The Cake Lady follows directions.
She grants a request for a Mickey Mouse cake with a big-eared Disney replica. She says yes to Minnie Mouse with a polka-dot bow. To a ball-covered cake for a boy who likes sports, a magical-maned creature for a girl who loves unicorns.
A cake for a girl who dreams of being a queen.
“Not a princess,” says Beverlee Keller. “A queen.”
Keller is in her kitchen with her cake-decorating supplies Monday morning, a sparkly tiara and the sheet cake she’s baked — and cooled — for a little girl safe in the shelter of the Friendship Home.
She knows the girl’s name and she’s getting ready to write it in purple frosting just under the Happy Birthday in her careful frosting script.
I know her name, too, but it’s not going in the paper because the future queen has escaped an abusive home with her mom.
It’s been six years since Keller retired from her job with the state.
She was in the IT department for 44 years, Keller says, computer programming mostly. It’s where she met her husband, Kevin. They celebrated 40 years together in 2016. (No cake, just cookies.)
Keller grew up baking and got interested in the art of decorating them at her own wedding. So when she saw a blurb for a class on the topic the next year, she was on it.
“It was through Southeast Community College,” Keller says. “And we met in the teacher’s basement.”
She learned a lot. Including: “Betty Crocker makes a better cake than you can.”
She still uses Betty Crocker (a box and a half so her sheet cakes have more gravitas). She makes her own buttercream frosting with an assist from Duncan Hines when the birthday girl or boy prefers the whipped variety. (“I haven’t perfected that yet.”)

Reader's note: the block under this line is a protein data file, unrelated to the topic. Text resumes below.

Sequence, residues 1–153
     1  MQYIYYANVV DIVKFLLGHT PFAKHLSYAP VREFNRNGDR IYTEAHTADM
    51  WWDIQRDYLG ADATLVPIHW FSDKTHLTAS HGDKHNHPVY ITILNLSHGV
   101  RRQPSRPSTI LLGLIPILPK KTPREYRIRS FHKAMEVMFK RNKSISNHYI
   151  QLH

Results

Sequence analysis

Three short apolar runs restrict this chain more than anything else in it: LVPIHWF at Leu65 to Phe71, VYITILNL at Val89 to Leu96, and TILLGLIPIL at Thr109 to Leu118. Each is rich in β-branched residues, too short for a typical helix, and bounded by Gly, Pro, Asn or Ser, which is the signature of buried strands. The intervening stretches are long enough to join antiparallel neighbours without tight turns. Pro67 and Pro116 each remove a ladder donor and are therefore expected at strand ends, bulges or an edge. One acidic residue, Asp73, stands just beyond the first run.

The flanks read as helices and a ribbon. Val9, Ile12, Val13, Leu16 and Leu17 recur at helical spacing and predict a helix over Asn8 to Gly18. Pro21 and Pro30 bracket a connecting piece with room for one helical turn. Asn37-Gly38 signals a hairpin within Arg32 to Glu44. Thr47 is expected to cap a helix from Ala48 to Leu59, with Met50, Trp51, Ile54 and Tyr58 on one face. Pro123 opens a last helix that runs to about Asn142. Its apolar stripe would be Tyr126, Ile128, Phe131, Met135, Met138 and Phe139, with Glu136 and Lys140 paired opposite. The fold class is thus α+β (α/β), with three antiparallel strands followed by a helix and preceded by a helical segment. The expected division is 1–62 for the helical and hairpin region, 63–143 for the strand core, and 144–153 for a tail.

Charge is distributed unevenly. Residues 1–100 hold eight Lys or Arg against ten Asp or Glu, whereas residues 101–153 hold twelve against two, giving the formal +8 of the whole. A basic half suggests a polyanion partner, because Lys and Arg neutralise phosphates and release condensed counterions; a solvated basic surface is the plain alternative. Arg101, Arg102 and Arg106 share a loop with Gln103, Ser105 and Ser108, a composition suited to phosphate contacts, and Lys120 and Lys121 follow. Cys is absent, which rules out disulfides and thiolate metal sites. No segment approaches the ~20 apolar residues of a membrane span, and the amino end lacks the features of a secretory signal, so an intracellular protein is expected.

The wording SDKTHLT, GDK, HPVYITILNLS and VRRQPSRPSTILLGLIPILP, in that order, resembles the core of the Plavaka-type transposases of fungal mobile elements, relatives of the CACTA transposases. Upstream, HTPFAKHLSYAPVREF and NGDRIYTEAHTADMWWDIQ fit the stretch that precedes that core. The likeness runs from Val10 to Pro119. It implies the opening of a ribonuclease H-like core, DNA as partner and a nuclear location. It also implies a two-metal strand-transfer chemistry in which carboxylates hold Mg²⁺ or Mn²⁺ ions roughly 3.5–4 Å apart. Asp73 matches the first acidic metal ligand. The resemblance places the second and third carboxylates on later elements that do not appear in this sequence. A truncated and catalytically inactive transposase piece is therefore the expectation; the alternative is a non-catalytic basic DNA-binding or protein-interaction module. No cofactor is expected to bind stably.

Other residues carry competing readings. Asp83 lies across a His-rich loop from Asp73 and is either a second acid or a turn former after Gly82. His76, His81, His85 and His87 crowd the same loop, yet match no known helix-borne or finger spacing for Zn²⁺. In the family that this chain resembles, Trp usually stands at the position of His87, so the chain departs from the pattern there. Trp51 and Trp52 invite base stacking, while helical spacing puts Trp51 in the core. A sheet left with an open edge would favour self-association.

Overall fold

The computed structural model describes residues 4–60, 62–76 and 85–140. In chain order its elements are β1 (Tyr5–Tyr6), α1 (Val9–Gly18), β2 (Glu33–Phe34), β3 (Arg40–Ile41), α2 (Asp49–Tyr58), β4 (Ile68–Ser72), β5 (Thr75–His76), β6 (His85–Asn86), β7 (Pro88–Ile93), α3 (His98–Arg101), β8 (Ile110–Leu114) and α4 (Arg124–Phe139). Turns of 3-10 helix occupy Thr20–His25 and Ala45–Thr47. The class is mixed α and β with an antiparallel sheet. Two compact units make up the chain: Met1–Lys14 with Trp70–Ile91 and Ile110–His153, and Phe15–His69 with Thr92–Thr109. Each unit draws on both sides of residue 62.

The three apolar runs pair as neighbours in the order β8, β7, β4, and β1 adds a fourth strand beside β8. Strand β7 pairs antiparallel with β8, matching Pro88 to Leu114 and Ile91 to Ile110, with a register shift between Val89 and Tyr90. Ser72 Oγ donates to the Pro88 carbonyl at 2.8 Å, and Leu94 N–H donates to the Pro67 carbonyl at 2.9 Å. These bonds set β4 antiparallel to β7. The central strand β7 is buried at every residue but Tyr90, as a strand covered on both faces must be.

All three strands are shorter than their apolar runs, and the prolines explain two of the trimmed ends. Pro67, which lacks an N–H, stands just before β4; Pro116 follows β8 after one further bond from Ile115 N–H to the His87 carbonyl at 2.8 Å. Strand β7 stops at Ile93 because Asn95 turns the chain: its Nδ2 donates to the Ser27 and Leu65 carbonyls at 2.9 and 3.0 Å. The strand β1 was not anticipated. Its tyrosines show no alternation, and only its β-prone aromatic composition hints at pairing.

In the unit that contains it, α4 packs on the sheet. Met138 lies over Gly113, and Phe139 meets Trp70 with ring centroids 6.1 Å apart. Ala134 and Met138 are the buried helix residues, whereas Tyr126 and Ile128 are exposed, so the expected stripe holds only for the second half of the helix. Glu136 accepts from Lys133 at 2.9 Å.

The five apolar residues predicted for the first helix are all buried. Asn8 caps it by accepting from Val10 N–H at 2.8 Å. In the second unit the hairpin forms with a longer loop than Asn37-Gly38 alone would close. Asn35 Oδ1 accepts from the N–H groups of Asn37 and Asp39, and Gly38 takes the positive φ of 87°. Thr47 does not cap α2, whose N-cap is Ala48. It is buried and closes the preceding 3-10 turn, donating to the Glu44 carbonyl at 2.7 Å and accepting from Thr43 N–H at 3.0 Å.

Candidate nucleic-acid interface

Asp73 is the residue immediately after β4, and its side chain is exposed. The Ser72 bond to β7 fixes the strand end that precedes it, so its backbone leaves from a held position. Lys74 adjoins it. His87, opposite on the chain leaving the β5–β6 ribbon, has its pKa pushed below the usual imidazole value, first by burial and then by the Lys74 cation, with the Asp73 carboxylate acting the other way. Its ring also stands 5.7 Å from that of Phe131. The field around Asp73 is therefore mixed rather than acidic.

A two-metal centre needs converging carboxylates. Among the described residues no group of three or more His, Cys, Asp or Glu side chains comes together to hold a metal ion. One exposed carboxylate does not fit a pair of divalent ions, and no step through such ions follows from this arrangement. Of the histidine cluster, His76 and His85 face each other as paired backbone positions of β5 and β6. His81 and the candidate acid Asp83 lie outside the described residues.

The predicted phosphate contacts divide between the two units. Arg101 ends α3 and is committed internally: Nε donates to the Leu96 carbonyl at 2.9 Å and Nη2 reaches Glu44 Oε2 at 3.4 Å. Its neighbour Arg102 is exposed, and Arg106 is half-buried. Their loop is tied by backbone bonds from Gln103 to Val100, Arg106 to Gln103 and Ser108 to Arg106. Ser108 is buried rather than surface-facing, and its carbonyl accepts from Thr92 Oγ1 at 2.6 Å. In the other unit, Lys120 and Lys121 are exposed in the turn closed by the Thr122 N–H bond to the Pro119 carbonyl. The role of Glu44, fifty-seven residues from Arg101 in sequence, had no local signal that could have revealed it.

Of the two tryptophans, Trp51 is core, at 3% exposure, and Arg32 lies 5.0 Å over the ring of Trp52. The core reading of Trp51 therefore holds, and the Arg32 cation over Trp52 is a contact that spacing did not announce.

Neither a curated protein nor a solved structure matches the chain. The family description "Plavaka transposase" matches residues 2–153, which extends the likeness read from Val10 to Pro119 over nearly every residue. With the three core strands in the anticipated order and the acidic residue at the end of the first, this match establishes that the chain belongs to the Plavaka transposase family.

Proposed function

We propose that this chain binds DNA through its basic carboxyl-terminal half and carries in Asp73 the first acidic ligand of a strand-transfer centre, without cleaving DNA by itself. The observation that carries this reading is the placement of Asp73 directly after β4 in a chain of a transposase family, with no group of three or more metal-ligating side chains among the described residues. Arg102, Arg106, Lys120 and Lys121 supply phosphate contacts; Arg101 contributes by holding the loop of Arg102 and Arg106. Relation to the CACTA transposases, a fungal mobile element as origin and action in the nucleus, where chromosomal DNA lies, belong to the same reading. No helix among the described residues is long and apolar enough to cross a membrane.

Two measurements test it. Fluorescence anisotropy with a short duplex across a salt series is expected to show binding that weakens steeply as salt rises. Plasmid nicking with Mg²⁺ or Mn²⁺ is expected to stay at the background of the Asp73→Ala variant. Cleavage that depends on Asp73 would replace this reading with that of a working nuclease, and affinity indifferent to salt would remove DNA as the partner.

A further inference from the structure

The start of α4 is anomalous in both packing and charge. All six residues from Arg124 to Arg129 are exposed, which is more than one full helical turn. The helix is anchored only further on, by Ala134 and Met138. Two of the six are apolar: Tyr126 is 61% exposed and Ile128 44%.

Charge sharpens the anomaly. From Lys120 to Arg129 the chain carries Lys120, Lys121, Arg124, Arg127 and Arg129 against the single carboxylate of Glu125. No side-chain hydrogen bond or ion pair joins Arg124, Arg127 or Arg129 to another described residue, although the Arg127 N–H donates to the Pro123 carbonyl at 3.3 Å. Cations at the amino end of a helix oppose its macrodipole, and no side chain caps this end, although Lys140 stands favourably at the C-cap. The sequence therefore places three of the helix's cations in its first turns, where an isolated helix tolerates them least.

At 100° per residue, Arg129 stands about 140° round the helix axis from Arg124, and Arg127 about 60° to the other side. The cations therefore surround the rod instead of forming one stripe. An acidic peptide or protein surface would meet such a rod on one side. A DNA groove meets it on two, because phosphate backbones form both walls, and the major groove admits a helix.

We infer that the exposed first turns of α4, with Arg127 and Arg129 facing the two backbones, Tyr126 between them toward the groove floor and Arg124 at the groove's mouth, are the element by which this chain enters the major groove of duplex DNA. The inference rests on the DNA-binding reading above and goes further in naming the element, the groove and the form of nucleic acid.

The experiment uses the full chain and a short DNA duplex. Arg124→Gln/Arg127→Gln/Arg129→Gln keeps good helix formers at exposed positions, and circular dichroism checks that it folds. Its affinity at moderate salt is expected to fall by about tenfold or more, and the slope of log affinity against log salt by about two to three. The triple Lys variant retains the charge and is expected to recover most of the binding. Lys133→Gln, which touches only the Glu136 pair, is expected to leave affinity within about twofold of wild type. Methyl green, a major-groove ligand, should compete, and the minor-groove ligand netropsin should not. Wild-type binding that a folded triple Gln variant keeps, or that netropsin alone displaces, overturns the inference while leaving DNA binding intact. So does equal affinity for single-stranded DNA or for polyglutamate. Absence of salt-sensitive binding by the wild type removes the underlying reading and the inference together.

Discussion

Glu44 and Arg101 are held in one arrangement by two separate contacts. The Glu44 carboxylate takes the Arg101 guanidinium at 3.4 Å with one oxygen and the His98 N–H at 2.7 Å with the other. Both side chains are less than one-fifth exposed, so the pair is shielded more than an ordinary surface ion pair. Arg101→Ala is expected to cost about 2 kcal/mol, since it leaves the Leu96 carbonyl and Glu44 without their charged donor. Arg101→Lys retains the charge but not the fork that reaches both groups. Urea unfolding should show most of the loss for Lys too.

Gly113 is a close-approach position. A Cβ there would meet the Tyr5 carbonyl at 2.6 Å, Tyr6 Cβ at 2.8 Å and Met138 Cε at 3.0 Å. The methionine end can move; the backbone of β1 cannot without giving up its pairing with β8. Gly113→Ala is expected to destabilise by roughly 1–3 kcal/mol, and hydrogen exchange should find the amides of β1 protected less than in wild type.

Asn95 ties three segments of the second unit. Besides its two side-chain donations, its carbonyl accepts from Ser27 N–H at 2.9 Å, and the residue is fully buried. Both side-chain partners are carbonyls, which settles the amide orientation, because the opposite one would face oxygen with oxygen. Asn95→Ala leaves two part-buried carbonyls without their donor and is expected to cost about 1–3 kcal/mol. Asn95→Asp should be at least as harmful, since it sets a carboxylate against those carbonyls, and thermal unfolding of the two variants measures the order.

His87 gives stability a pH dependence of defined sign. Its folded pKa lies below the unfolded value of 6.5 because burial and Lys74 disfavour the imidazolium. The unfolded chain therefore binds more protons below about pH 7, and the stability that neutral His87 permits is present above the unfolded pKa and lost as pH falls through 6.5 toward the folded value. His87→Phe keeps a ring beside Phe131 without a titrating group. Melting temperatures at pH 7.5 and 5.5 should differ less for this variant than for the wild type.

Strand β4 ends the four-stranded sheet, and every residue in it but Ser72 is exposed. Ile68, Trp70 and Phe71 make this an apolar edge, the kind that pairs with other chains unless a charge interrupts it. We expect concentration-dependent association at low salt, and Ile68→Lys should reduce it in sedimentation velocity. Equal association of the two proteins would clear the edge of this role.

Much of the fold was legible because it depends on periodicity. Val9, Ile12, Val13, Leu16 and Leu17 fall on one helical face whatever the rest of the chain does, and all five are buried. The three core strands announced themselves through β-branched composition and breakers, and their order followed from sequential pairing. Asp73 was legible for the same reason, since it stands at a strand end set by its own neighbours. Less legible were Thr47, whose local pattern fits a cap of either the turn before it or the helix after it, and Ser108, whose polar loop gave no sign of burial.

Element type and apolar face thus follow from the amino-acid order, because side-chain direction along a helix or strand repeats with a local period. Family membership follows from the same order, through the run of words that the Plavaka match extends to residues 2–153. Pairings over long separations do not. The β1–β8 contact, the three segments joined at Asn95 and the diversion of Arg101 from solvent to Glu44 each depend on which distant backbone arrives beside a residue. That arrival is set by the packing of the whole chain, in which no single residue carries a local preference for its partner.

The decorator has the tools of her trade out Monday morning. Frosting bags made from freezer paper shaped into cones and taped together. Big ones for the piping and smaller ones for the finer work.
She has cake boxes from Michael’s for delivery purposes and sturdy cake trays she makes herself — cardboard covered with that same thick freezer paper. She has fondant she can cut into stars and hearts, and edible glitter in more colors than a box of crayons.
For years, Keller baked wedding cakes from her southwest Lincoln kitchen, but the stress of the perfect cake wasn’t worth it. Then a friend invited her to a small Friendship Home gathering in 2018.
The shelter calls them Welcome MATS and guests learn what the shelter does to help victims of abuse stay safe and how they might help if they feel the need.
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She left that night with a handout that listed volunteer opportunities. Providing birthday cakes was one of them.
“They have kept me busy,” she says. “I can tell them no, but it breaks my heart. And I’m glad I signed up, otherwise I’d be doing a whole lot of nothing.”
She figures she’s made close to 40 cakes in the past year. Her 15-year-old granddaughter helps when she’s in town.
And the Friendship Home appreciates every single last one.
“We had no idea the level of expertise we’d be getting,” said Rainey Hull, the shelter’s volunteer coordinator. “She is just wonderful and has made so many amazing cakes for the kids celebrating their birthdays in shelter.”
Keller has photos of all those cakes for kids. The Paw Patrol cake. PJ Masks. The Little Mermaid. Minecraft.
Bunny cakes and Bruno Mars cakes. (A photo of the pop singer covered in a plastic sleeve with hot pink frosting piped around it to make a frame.)
She’s made cakes for little ones celebrating their first birthdays at the shelter.
Cakes for teenagers who’ve left their own rooms and most of their belongings behind. (The Bruno Mars recipient licked the frosting off the photo and pinned Bruno up on her wall.)
“Some of these, I obsess over for a long time,” Keller says.
She wants them to be just right.
Monday, she takes her time adding silver-and-purple stars made of sugary fondant, she sprinkles the edges with pink and purple and more silver until it shimmers, placing the tiara on a Cool Whip lip cut out to mimic its shape.
A cake fit for a queen.
She’ll deliver it herself, like always, hollering out when she gets to the door: It’s the Cake Lady!
The Cake Lady brings candles, too, but she never sees them glow.
“The idea of putting a smile on a kid’s face,” she says. “That gives me satisfaction.”